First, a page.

A few years back, probably around 2014, I heard an interview with a woman who was (I think) a U.S. House Representative, and who fumed at the irresponsibility of Central American parents who allowed their children to take the perilous journey north to the U.S. border, leaving them “for us to deal with,” or words to that effect.
For me, this was the voice of a suburban U.S. parent who doesn’t understand why the neighbors keep letting their kids play out on the street after dinner instead of keeping them home. It reduces the pain and terror in Central America to a question of parenting styles.
In other words, it was the kind of remark you can only make when you have a few basic facts and none of their context—on the order of a classical music lover blasting Buddy Guy or Stevie Ray Vaughan because their music doesn’t sound like Mozart.
Had it been published at the time, I would have sent the offended and uncomprehending (traits that hang out together a lot) House Representative a copy of Valeria Luiselli’s (@ValeriaLuiselli ) book, Tell Me How It Ends . Because in this book we are allowed to witness some of the stories Luiselli herself heard during interviews with those very children at the Federal Immigration Court in New York City. We are also given a chance to see the system that children have to find their way through.
“It is not even the American Dream that they pursue, but rather the more modest aspiration to wake up from the nightmare into which they were born.”
The structure of Luiselli’s book is the list of questions translators are tasked to ask each child, whose answers must then be translated and written down. Translators then discuss the interviews with volunteer attorneys who evaluate each child’s situation against the parameters laid out by statutes regarding what is and isn’t grounds for asylum.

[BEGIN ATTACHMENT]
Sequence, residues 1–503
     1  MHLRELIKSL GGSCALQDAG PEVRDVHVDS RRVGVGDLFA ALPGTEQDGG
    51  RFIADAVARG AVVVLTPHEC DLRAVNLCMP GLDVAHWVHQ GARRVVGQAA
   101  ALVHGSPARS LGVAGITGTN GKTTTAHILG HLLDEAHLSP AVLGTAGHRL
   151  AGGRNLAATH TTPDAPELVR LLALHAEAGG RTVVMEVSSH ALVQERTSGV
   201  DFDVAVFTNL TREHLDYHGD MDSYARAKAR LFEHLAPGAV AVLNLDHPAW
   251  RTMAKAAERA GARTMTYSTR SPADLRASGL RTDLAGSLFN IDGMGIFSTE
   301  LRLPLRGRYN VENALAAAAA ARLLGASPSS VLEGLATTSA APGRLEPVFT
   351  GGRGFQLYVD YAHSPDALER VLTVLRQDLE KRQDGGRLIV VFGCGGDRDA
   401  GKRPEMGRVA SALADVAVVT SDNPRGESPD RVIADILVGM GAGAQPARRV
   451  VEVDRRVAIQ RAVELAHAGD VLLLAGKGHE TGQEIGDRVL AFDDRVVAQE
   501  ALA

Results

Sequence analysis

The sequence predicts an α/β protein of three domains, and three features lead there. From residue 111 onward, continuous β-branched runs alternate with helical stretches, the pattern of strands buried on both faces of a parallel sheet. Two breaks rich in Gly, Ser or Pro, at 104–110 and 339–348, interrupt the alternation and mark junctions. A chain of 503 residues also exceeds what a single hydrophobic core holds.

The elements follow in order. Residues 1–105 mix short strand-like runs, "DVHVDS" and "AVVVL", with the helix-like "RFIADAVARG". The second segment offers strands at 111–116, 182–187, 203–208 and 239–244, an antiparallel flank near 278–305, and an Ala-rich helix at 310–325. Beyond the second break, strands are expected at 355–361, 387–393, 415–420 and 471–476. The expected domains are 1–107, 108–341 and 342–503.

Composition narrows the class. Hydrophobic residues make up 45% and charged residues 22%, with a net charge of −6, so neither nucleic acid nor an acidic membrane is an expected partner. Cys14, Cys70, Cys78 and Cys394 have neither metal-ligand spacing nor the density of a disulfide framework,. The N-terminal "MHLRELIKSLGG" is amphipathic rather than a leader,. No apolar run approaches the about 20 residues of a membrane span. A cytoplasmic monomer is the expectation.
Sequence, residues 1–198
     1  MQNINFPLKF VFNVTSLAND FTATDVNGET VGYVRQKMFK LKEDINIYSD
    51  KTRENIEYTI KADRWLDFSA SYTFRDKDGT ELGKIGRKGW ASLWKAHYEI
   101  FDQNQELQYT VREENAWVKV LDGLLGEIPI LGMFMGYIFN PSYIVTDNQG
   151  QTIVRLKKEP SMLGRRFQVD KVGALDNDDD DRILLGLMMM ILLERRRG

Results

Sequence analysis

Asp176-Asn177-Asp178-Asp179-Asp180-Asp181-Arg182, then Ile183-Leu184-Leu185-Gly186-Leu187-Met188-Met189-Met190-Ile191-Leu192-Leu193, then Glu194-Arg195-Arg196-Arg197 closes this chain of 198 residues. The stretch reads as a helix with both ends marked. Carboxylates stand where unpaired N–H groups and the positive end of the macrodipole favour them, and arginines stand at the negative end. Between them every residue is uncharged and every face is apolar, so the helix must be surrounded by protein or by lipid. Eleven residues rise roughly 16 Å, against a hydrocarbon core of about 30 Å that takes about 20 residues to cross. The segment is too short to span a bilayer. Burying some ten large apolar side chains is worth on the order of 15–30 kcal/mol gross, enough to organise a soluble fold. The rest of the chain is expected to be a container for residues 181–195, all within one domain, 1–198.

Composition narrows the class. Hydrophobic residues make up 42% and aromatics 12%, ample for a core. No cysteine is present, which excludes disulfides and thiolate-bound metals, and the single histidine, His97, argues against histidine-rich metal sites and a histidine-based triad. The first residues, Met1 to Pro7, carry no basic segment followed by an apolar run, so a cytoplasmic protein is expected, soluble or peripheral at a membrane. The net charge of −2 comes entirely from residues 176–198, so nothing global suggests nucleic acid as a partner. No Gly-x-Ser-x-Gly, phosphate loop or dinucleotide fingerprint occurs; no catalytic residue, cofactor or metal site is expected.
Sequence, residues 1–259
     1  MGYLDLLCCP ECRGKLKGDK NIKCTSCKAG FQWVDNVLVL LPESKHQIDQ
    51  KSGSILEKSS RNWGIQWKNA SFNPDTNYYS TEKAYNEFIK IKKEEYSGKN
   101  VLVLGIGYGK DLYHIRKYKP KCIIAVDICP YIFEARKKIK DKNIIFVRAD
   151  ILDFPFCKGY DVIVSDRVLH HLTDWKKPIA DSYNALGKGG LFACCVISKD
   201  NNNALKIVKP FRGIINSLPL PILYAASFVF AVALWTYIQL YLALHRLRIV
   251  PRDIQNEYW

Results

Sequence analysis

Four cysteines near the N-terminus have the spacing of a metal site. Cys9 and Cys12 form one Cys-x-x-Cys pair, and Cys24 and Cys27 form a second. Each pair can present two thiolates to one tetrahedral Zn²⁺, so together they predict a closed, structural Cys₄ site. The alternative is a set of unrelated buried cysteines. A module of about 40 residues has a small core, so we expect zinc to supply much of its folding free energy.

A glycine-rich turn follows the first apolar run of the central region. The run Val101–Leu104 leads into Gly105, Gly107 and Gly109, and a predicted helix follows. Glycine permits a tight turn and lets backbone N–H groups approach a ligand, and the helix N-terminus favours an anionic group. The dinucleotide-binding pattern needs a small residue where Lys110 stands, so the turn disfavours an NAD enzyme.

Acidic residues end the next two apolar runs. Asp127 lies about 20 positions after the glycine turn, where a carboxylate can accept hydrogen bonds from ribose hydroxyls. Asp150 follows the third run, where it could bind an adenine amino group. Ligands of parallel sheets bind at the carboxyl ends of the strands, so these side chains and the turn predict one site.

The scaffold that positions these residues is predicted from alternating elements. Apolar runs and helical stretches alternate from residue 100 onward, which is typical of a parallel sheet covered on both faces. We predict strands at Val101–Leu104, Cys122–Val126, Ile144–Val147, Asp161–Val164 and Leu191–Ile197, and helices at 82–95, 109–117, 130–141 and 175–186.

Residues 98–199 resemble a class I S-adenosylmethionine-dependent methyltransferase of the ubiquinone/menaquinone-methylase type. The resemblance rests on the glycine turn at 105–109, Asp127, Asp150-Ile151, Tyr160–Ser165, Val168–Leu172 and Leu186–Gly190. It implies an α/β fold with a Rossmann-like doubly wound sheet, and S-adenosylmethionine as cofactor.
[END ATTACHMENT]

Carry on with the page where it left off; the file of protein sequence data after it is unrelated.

My description conveys the outline of the book but doesn’t approach the breadth of its content or the effectiveness of Luiselli’s writing. For balance, the following quote gives you a hint. After several pages describing the maps and stats of the ways and places that people determined to survive find death instead of help, Luiselli writes :
“Numbers and maps tell horror stories, but the stories of deepest horror are perhaps those for which there are no numbers, no maps, no possible accountability, no words ever written or spoken. And perhaps the only way to grant any justice—were that even possible—is by hearing and recording those stories … Because we cannot allow ourselves to go on normalizing horror and violence. Because we can all be held accountable if something happens under our noses and we don’t dare even look.”
For me, this quote goes a long way toward describing the origin story of this short, intense book and the reasons why we all need to read it. You can buy it here .